Programs can be downloaded from its website and then uploaded directly to any OSM in its original format with Arduino IDE. Given the open-source nature of its NEO 1.0 application, a Maker can modify and expand every aspect of the program in copy and paste-like fashion. What’s nice is that, as soon as a user is done with one OSM, they upload the same code to each of the others.

Sounds like a bright idea, right? Head over to it official Kickstarter page, where the De Oca and the rest of the Quantum HEX team are currently seeking $25,000. Shipment is expected to start in July 2015.

ARbot lets you have virtual tank battles and robot races anywhere

This projects lets you partake in virtual tank-like battles of up to 64 players throughout your office, house or pretty much anywhere.

Created by Denis Kurilchik and the Roboboom team, the ARbot project consists of a spherical robot and a mobile app that bridges the gap between real and virtual worlds, allowing users to partake in tank-like battles of up to 64 players throughout their office, at home, at school or pretty much anywhere they want.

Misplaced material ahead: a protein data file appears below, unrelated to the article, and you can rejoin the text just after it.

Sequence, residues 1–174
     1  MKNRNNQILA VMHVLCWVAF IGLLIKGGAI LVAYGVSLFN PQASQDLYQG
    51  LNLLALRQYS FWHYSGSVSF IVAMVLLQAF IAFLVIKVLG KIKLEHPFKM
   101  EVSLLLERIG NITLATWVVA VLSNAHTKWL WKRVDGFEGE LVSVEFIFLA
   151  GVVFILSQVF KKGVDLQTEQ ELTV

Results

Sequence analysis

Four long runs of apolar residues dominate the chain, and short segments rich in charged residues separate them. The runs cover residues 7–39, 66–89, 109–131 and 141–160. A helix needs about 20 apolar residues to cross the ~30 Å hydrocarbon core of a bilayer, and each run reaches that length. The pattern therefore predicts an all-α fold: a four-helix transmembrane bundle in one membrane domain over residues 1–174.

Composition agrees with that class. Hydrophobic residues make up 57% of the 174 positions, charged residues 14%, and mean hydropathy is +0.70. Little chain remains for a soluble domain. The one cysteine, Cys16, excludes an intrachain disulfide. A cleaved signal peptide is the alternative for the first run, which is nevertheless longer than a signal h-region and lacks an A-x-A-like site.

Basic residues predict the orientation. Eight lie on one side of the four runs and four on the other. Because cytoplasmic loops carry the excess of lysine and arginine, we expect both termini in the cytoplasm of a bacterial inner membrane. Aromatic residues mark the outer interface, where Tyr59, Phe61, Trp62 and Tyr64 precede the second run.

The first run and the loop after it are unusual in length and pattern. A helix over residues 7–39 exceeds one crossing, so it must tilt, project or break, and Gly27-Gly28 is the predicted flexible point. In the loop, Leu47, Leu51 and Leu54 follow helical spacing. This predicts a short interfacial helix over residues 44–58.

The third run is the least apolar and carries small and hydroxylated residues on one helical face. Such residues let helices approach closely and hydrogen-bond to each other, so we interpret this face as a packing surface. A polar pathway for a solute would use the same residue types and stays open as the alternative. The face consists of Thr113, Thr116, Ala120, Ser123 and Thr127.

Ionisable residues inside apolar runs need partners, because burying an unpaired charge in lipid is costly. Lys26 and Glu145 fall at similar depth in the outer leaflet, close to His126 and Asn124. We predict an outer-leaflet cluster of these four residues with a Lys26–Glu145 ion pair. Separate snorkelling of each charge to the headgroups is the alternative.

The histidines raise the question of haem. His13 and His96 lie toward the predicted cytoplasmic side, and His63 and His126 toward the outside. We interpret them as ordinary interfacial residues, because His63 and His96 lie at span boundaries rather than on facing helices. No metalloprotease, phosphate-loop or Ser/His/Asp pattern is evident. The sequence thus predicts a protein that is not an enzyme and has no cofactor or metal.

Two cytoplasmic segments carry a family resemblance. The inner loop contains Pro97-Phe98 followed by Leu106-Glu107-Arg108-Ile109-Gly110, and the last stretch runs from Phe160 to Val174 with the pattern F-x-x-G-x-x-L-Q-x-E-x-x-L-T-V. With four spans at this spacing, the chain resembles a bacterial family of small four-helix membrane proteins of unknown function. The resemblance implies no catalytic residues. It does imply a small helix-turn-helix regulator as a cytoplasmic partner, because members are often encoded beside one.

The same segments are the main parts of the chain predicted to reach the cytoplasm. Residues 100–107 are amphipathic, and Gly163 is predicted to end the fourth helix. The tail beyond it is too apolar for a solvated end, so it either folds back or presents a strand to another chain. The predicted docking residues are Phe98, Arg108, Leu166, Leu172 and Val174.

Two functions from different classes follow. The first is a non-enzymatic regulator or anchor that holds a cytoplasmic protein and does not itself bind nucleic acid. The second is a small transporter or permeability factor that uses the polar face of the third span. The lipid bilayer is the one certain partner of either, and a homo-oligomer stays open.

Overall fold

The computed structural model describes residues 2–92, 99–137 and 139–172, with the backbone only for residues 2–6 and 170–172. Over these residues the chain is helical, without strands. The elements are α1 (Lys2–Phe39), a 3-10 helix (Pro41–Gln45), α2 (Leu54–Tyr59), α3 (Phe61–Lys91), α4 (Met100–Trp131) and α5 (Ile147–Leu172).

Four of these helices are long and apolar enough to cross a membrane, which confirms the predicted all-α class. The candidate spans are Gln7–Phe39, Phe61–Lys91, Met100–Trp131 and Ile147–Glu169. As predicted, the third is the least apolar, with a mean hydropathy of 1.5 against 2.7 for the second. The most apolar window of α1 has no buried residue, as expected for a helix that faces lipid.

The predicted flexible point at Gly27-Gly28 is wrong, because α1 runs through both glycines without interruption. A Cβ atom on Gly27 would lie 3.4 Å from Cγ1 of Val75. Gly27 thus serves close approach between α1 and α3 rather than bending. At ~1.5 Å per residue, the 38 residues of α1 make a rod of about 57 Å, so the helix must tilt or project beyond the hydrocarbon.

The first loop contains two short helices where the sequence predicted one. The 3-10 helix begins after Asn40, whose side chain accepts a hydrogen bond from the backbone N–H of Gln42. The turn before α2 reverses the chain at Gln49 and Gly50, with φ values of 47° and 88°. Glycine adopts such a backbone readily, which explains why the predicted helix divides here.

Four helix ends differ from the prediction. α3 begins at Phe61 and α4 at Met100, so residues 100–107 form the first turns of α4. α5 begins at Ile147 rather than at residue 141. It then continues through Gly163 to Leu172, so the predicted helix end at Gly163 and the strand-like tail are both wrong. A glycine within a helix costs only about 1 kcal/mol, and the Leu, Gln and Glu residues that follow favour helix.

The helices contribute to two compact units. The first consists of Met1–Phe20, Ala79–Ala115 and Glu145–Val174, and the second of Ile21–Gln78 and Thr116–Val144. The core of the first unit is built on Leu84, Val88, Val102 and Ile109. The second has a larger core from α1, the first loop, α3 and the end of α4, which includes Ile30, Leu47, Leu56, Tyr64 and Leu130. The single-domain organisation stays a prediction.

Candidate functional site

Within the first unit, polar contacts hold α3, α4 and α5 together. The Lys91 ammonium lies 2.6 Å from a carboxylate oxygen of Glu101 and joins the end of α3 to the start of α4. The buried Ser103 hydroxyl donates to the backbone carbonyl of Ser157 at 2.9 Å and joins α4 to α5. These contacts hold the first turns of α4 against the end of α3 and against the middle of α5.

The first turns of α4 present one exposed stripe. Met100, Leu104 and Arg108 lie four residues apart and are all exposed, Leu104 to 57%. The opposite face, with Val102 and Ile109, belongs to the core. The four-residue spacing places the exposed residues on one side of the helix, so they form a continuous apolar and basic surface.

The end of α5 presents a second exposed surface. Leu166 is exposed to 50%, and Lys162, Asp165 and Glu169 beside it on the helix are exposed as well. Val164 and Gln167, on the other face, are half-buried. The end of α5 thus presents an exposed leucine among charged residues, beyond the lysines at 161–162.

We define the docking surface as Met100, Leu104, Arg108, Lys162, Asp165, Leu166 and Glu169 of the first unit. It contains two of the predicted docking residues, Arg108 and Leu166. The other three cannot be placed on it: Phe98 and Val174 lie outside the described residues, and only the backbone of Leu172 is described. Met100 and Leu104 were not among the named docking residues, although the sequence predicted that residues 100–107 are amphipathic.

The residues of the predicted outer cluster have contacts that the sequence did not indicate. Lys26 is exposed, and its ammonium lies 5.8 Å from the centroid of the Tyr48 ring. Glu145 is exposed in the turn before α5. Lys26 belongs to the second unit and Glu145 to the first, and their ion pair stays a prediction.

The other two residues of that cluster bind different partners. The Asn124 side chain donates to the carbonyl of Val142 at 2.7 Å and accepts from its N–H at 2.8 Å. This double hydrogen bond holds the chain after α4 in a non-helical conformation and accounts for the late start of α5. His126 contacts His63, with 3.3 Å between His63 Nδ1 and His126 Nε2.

Not just an ordinary radio-controlled toy, the ARbot is comprised of two hemispherical wheels that operate in unison using a shifted center of gravity to overcome any number of obstacles. The multi-directional bot houses an AVR based system board along with an electric motor, and is charged via micro-USB. The battery itself typically lasts anywhere between one to three hours in active mode, which is plenty for some lunch or coffee break fun.

Meanwhile, an accompanying app (available in iOS, Android and Windows) connects with the robot over Bluetooth, enabling some friendly competition. The program currently features two game modes: single-player and multi-player. As its name would suggest, multi-player lets users do battle against other ARbot owners — whether that’s during lunch, in between classes, after work, or downstairs in the basement.